At this point, in a step 72, the main crank is utilized to reorient the sorting surface and the sharps container such that at a step 74, the operator can pause the combination sufficiently long to enable any liquid contents to drain through the clearance opening between the sorting surface and the open top of the sharps container. The operator, in a step 76, then reorients the sorting surface and the sharps container such that the sharps container is substantially fully inverted relative to its original position.
A step 78 then provides for removing the sharps container from the sorting surface using the main crank. At this point, the entire contents of the sharps container less the bulk of the liquid contents should be deposited onto the sorting surface. If any medical waste or medical device still remains within the sharps container, the operator can pause with the sharps container still partially inverted over the sorting surface and rap the sides of the sharps container, causing the remaining medical waste or medical device to fall on the sorting surface. Or, the operator may need to reach inside the partially inverted sharps container with tongs or other suitable instrument to grasp the medical waste or medical device remaining inside and deposit it on the sorting surface.
A step 80 provides for reattaching the sharps container lid and placing the empty sharps container into a queue for cleaning and sterilization, so that the sharps container can be recycled and returned to the medical care treatment facility for future use. A step 82 indicates that the operator then removes all reusable medical devices from the sorting surface. The operator may remove the reusable medical devices using tongs or any kind of device that enables the operator to firmly grasp the reusable medical device and safely place it into the receptacle bin. Only those medical devices that are deemed reusable or federally regulated so that only licensed agencies can process them for reuse will be removed from the sorting surface and placed into the receptacle bin.
In a step 84, after all reusable medical devices have been removed from the contents on the sorting surface, the operator rotates the sorting surface into an inverted position using the hand crank so that the non-reusable medical devices and remaining medical wastes are caused to slide from the sorting surface and drop down into the waste bin. At this point, it may be necessary for the operator to remove any non-reusable medical devices from the sorting surfaces manually using the tongs or similar implement if the non-reusable medical devices and medical waste clings to the sorting surface and does not readily drop into the waste bin.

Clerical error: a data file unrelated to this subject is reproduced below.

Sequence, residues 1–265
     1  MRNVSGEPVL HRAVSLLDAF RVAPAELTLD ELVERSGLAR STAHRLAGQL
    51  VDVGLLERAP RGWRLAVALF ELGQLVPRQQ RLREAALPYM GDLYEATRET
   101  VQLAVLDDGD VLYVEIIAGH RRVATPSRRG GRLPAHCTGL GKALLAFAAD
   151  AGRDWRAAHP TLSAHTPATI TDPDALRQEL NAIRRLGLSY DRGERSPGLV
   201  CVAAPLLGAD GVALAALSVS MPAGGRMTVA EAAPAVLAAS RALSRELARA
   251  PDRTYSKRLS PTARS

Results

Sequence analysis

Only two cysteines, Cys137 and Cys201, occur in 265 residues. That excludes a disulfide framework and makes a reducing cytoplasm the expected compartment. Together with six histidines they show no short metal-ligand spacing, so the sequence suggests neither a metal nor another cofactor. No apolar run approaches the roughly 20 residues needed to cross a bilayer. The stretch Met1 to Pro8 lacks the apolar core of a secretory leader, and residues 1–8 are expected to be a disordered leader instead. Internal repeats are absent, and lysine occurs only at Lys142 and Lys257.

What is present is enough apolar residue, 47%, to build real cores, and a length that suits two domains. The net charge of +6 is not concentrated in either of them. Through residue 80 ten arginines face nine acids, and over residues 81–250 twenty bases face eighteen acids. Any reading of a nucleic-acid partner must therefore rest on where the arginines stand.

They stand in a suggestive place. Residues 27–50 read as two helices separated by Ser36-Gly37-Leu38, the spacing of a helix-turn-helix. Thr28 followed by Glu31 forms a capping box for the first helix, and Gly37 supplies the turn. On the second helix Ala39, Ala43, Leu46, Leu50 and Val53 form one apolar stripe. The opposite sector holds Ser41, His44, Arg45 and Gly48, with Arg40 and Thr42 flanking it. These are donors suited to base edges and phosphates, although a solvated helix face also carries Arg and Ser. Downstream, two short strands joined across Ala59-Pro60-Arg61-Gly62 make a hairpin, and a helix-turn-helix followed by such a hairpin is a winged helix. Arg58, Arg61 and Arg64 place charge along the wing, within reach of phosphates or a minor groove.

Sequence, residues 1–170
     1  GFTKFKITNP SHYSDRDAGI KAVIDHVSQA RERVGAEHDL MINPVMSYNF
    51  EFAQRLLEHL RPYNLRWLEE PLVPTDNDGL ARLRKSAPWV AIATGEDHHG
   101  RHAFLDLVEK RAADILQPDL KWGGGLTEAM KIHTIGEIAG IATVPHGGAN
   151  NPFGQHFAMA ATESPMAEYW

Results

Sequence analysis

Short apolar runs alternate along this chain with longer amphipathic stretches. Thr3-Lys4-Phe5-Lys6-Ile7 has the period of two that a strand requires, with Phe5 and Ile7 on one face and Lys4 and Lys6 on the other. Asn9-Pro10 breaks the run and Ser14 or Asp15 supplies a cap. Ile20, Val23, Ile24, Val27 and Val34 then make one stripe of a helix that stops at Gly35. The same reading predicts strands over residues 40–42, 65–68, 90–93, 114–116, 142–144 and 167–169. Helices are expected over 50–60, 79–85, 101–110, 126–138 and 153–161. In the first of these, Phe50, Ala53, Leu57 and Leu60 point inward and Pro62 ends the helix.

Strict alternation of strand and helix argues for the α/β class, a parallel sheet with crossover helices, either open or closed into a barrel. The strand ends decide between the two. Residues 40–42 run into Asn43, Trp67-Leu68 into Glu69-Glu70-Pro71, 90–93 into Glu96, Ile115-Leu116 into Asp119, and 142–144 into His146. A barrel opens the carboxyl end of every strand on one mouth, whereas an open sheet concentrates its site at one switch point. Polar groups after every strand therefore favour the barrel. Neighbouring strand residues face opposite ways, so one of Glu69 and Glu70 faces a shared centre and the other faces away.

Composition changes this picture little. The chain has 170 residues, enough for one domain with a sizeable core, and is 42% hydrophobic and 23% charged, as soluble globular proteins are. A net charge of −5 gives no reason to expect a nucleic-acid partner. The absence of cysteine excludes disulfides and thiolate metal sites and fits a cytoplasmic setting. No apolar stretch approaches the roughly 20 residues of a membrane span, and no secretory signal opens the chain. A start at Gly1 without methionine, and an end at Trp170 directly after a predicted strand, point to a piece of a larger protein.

A step 86 then provides for disinfecting the receptacle bin (once it is full or once all of the sharps containers from a given medical treatment facility have been processed to place their reusable medical devices into the receptacle bin). This receptacle bin may then be shipped to an outside facility, as noted in a step 88, where the reusable medical devices will be processed for reuse, which includes cleaning, sterilizing, and repackaging, or alternatively, the receptacle bin will remain at the recovery device center for similar processing. At this point, the recovery process is completed as indicated in a step 90.
Although platform 100 is shown in all of the Figures, those skilled in the art will realize that frame 22 can be easily designed in an alternative configuration such that it completely encloses the waste bin, which is removable by opening an access panel. Therefore, operator 38 does not need to stand on the platform in this alternative embodiment in order to manipulate the recovery device and sort through the contents of the sharps container.
Prior to being loaded into recovery device 10, as described above, the label on the sharps container will have been noted and the receptacle bins will be labeled to indicate the source of the recovered reusable medical devices sorted from the contents of the sharps container, based upon the label of the sharps container. For example, a label 106 a on a sharps container 14 a might be appropriately labeled, “Caution, Biohazard, Infectious Waste, Metropolis City Hospital—Heart Surgery Department.” Similarly, the label on the receptacle bin that will be used to receive the reusable medical devices sorted from the contents of sharps container 14 a will be labeled to indicate that the source of the reusable medical devices contained therein is the Metropolis City Hospital—Heart Surgery Department.
Operator 38, who is garbed in protective gear (not shown), is illustrated securely mounting sharps container 14 into recovery device 10 by sliding the edges of the sharps container onto brackets 24 and securing it in place with a latch 30. A lid 108 of the sharps container is still secured to sharps container 14 that is being mounted onto the brackets. Notice that a lid 108 a is still secured to sharps container 14 a that will be sorted after sharps container 14 has been sorted.
At this point, operator 38 begins to change the orientation of the sorting surface. In this preferred embodiment, the two cranks are manually activated by the operator to change the orientation of sorting surface 26 and then the combined sorting surface and sharps container 14. Activation of hand crank 32 on the recovery device enables sorting surface 26 to be rotated from an initial position 26′, as shown in